Do I have to be a vegetarian to do yoga?
Do I need to bring my own mat?
What is yoga?
Yes! You are a perfect candidate for yoga. Many people think that they need to be flexible to begin yoga, but the more inflexible you are, the more you will benefit by taking yoga classes. Come as you are and you will find that yoga practice will help you become more flexible. This new found flexibility will be balanced by strength, coordination, and enhanced cardiovascular health, as well as a sense of physical confidence and overall well-being.
No, we have mats that you can use at no cost. However, after a few weeks of practice, many people enjoy having their own mats, and sometimes a ‘mat bag’ with shoulder strap in which to carry it.
Is Yoga a religion?
No, yoga is not a religion. It is a philosophy that dates back an estimated 5,000 years. The father of yoga is said to be Patanjali, who wrote the Yoga Sutra. These writings provide a framework for spiritual growth and mastery over the physical and mental body. Yoga sometimes interweaves other philosophies such as Hinduism or Buddhism, but it is not necessary to study those paths in order to practice or study yoga. It is also not necessary to surrender your own religious beliefs to practice yoga.
You do not have to change your diet, to have a beneficial yoga practice. However, once you begin to see, and feel, the difference yoga can make in your body, you may choose to accelerate those benefits by living a healthier lifestyle, including making dietary changes. It’s entirely up to you.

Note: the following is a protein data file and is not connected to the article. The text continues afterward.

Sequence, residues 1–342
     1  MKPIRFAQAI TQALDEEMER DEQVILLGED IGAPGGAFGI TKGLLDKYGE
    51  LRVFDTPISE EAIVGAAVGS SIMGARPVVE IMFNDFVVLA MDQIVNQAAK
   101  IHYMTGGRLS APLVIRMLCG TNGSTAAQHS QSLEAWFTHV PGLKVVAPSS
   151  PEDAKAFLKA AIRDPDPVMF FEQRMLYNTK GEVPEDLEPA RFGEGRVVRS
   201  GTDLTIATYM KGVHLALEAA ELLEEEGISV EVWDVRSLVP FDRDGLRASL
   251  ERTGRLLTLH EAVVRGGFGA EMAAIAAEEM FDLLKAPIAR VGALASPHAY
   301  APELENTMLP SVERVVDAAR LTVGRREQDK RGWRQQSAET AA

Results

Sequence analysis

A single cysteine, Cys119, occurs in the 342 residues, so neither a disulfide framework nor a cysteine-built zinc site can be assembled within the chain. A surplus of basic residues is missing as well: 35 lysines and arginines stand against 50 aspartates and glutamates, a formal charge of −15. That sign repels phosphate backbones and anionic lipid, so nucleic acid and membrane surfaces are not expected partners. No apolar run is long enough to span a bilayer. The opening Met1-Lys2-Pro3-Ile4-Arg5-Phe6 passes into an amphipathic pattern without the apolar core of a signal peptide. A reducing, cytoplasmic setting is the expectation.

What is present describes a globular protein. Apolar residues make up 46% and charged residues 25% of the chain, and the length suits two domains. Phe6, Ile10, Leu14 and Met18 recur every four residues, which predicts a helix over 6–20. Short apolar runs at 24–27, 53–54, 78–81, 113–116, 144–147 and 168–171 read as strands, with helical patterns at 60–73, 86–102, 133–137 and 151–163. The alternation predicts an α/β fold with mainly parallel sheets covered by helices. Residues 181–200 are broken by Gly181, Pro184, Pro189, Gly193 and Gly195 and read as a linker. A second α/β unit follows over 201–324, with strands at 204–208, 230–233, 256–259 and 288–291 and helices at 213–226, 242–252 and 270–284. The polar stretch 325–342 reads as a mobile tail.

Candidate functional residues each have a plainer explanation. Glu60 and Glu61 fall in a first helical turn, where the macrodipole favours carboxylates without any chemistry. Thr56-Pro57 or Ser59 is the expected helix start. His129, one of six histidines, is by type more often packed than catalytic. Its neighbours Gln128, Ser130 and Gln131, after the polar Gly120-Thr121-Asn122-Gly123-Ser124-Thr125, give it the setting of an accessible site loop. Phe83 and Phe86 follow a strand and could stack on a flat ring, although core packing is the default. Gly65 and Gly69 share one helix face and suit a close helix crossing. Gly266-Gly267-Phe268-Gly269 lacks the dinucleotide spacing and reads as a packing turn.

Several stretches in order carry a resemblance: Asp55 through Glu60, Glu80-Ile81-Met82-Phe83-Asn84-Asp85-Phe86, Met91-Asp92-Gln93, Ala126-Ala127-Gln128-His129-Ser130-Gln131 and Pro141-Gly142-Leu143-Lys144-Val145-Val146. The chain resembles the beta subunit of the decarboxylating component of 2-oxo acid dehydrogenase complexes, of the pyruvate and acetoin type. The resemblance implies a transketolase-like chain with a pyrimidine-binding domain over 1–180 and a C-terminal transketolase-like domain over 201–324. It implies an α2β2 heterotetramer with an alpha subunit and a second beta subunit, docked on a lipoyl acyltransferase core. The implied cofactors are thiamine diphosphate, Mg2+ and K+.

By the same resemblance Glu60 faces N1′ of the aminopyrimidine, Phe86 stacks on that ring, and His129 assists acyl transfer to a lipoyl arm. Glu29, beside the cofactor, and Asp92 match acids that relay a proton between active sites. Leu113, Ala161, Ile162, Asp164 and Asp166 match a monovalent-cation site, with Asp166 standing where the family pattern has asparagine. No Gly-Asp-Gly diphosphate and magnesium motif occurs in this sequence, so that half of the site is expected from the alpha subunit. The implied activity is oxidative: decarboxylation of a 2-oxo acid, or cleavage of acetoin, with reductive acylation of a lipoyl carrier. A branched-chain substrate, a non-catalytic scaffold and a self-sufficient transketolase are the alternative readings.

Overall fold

How is yoga different from other forms of stretching?
How many times a week should I practice yoga?
I’m not flexible. Can I still do yoga?
Wear comfortable, loose-fitting clothing that allows you to bend and stretch with ease. ‘Yoga pants’ can be any pants in which you move comfortably.
What should I wear to class?
Unlike stretching or calisthenics, yoga is more than just physical postures. Even within the physical practice, yoga is unique because we connect the movement of the body and the fluctuations of the mind to the rhythm of our breath. Connecting the mind, body, and breath helps us to direct our attention inward. Through this process of inward attention, we learn to recognize our habitual thought patterns without labeling them, judging them, or trying to change them. We become more aware of our experiences from moment to moment. The awareness that we cultivate is what makes yoga a practice, rather than a task or a goal to be completed. Your body will most likely become much more flexible by doing yoga, and so will your mind.
There is no firm rule on this, but we can tell you that the more frequently you practice, the more quickly the benefits will manifest. Twice a week is a great place to start.
Yoga is a program of physical postures, called ‘asanas’, designed to purify the body and strengthen the body, and improve flexibility. The regular practice of yoga can impart a feeling of calm, confidence, and overall well being. Yoga is believed to have developed some 5,000 years ago, probably in India. Early yogis would sit in meditation for eight hours, or longer. Today, we spend our time sitting at desks, or sitting in front of televisions, or electronic devices. An important benefit of today’s yoga is that it helps to counter the adverse physical effects of all that sitting—just as it did centuries ago.